Typically, the substrate has a surface to volume ratio greater than 300/ft, 400/ft, 500/ft, 600/ft, 700/ft, 800/ft, 900/ft, 1000/ft, 1100/ft, 1200/ft, 1300/ft, 1400/ft or 1500/ft.
  • [0023]
    Typically, the nominal resistance to air flow for a substrate is less than 0.5, 1.0, 1.5, 2.0, 2.5, 3.0, 3.5, 4.0 or 4.5.
  • [0024]
    Typically, the drug composition is coated on the substrate.
  • [0025]
    Typically, the substrate is a resistive heating element.
  • BRIEF DESCRIPTION OF THE FIGURE
  • [0026]
    [0026]FIG. 1 shows a device comprising an open-celled substrate used to deliver drug thermal vapors to a mammal through an inhalation route.
  • DETAILED DESCRIPTION OF THE INVENTION
  • [0027]
    “Aerosol” refers to a suspension of solid or liquid particles in a gas.
  • [0028]
    “Condensation aerosol” refers to an aerosol formed by vaporization of a substance followed by condensation of the substance into an aerosol.
  • [0029]
    “Nominal resistance to air flow” refers to the pressure drop in units of inches H2O across a 10″ diameter×1″ thick substrate with an air velocity of 600 feet per minute.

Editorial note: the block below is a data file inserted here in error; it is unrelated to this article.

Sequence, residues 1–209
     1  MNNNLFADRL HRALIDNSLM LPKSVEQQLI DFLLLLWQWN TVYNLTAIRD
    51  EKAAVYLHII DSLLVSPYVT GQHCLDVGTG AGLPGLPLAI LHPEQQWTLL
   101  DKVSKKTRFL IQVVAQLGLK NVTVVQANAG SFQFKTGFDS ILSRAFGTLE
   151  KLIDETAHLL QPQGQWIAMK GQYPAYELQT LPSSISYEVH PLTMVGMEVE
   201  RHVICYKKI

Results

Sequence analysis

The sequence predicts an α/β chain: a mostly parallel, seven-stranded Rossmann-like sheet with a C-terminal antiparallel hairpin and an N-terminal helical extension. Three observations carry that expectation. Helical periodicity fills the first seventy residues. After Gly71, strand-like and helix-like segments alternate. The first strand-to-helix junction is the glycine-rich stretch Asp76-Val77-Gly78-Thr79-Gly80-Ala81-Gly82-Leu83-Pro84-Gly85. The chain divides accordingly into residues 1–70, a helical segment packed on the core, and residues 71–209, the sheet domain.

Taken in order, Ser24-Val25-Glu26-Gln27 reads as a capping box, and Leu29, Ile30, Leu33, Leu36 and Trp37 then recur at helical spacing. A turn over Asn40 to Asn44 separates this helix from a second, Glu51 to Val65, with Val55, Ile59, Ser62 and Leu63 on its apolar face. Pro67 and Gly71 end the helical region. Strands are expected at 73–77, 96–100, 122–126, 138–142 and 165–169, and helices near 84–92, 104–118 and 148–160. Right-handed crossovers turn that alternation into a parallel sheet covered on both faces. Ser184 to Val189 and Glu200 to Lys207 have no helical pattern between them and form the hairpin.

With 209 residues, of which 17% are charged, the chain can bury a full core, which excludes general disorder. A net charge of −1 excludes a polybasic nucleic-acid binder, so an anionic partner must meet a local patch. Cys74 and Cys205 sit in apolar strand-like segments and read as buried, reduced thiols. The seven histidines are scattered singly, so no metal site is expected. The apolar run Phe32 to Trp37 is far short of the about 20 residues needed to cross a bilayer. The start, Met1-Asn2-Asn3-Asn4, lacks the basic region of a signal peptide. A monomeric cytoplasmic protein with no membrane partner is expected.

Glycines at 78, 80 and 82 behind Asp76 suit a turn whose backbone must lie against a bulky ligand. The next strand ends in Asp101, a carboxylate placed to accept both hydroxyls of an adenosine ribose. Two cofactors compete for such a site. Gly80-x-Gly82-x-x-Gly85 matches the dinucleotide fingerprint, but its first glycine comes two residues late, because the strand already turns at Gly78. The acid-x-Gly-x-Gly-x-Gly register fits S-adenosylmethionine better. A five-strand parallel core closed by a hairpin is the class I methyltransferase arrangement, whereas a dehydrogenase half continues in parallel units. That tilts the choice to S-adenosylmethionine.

• [0030]
    “Relative density” refers to the percent solid, or the volume of solid material relative to void space in the substrate.
  • [0031]
    “Vapor” refers to a gas, and “vapor phase” refers to a gas phase. The term “thermal vapor” refers to a vapor phase, aerosol, or mixture of aerosol-vapor phases, formed preferably by heating.
  • [0032]
    The open-celled substrates of the present invention have a high surface to volume ratio, high porosity, and a three-dimensional network of interconnected cells. The substrates are formed from carbonaceous materials, mixtures of carbonaceous materials, non-carbonaceous materials, mixtures of non-carbonaceous materials (e.g., metal plated materials or alloys) or a mixture of carbonaceous and non-carbonaceous materials. Examples of materials used to form the substrates include, without limitation, vitreous carbon, silicon carbide, aluminum, copper, gold, silver, nickel chromium alloy and gold deposited on vitreous carbon.